Untrusted Apps: Spark
Each Spark app runs as the requesting user, and needs
access to the underlying files.
• Spark itself...
Apache Sentry
• Role-based access control to resources
• Integrates with Hive / HS2 to control access to data
• Fine-grain...
The Sentry HDFS Plugin
Synchronize HDFS file permissions with higher-level
abstractions.
• Permission to read table = perm...
Still restricted to FS view of the world!
• Files, directories, etc…
• Cannot provide column-level and row-level access
co...
Future: RecordService
A distributed, scalable, data access service for unified
authorization in Hadoop.
RecordService
RecordService
• Drop in replacement for InputFormats
• SparkSQL: Integration with Data Sources API
– Predicate pushdown, p...
RecordService
• Assume we had a table tpch.nation
column_name column_type
n_nationkey smallint
n_name string
n_regionkey s...
import com.cloudera.recordservice.spark._
val context = new org.apache.spark.sql.SQLContext(sc)
val df = context.load("tpc...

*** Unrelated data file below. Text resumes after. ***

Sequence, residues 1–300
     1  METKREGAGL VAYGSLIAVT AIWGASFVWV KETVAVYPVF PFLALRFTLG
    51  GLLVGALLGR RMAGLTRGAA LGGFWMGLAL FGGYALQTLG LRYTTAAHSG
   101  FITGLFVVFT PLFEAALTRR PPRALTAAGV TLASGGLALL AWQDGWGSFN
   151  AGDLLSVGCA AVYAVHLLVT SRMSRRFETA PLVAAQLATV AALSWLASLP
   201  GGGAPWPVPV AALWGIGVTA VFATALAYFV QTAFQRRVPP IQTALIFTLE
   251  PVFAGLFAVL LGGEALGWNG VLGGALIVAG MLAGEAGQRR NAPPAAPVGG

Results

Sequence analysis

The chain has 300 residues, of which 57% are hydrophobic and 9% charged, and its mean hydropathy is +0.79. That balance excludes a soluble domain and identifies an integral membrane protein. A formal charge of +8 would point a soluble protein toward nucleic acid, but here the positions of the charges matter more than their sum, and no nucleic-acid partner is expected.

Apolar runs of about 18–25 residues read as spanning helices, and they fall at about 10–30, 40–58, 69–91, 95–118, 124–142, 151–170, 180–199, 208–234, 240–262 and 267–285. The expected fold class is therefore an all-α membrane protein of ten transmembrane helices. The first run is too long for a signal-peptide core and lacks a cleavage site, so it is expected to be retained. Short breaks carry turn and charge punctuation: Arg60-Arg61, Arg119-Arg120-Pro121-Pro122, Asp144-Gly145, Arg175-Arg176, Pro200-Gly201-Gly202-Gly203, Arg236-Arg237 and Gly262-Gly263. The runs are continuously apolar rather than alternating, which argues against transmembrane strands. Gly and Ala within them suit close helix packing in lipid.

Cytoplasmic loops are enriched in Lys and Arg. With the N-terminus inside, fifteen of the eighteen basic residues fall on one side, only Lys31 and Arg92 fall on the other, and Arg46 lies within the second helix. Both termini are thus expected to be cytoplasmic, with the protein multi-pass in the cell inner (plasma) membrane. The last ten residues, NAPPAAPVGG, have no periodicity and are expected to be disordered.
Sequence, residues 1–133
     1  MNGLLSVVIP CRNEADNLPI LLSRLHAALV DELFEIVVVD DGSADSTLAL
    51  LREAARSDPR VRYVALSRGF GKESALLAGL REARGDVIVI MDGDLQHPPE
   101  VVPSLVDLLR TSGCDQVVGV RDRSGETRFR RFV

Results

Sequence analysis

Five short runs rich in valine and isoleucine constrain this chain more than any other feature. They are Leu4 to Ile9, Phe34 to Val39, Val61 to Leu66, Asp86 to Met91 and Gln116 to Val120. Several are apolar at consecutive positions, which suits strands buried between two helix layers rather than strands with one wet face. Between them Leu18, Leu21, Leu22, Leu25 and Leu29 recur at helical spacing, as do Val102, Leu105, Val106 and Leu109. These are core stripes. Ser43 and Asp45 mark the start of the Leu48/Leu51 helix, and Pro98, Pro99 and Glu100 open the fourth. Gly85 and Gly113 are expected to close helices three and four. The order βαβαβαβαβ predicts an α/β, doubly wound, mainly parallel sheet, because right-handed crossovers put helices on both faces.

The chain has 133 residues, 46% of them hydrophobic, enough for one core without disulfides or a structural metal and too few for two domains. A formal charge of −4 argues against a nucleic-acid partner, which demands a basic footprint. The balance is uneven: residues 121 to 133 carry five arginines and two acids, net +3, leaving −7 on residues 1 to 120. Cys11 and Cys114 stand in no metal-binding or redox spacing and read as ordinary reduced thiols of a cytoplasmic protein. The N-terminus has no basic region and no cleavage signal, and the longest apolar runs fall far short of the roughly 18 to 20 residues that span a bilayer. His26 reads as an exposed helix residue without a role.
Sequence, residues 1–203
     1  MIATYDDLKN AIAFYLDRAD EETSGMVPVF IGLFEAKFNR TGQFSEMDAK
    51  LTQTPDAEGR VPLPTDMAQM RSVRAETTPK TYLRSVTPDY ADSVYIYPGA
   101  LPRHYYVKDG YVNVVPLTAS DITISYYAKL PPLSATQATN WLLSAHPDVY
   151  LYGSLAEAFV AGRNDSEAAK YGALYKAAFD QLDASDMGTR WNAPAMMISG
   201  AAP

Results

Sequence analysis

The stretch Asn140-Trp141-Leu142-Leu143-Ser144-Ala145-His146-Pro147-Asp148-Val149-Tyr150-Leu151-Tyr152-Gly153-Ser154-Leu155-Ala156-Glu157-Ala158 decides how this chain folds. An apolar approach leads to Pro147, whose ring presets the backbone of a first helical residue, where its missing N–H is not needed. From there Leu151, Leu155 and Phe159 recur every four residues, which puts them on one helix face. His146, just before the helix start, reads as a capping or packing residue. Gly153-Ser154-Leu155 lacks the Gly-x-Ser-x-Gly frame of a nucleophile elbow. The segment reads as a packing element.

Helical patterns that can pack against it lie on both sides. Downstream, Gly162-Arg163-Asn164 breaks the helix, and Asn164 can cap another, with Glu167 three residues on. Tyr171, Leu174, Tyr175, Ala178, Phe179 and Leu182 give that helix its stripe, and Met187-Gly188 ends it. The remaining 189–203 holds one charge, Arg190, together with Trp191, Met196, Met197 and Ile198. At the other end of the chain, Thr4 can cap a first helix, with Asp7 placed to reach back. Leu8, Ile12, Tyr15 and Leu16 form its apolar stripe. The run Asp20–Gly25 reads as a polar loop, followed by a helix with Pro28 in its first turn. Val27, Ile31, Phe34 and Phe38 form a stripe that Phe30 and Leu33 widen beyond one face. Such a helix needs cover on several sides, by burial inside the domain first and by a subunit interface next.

RecordService
• Users can enforce Sentry permissions using views
• Allows column and row level security
> CREATE ROLE rest...
...
val df = context.load("tpch.nation",
"com.cloudera.recordservice.spark")
val results = df.collect()
>> TRecordServiceE...
...
val df = context.load("tpch.nation_names",
"com.cloudera.recordservice.spark")
val results = df.collect()
RecordService
RecordService
• Documentation: http://cloudera.github.io/RecordServiceClient/
• Beta Download:
http://www.cloudera.com/con...
Takeaways
• Spark can be made secure today!
• Benefits from a lot of existing Hadoop platform work
• Still work to be done...
References
• Encryption: SPARK-6017, SPARK-5682
• Delegation tokens: SPARK-5342
• Sentry: http://sentry.apache.org/
– HDFS...
Thanks!
Questions?
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Securing Your Apache Spark Applications

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Kostas Sakellis and Marcelo Vanzin at Spark Summit EU 2015

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Securing Your Apache Spark Applications

  1. 1. Securing Spark Applications Kostas Sakellis Marcelo Vanzin
  2. 2. What is Security? • Security has many facets • This talk will focus on three areas: – Encryption – Authentication – Authorization
  3. 3. Why do I need security? • Multi-tenancy • Application isolation • User identification • Access control enforcement • Compliance with government regulations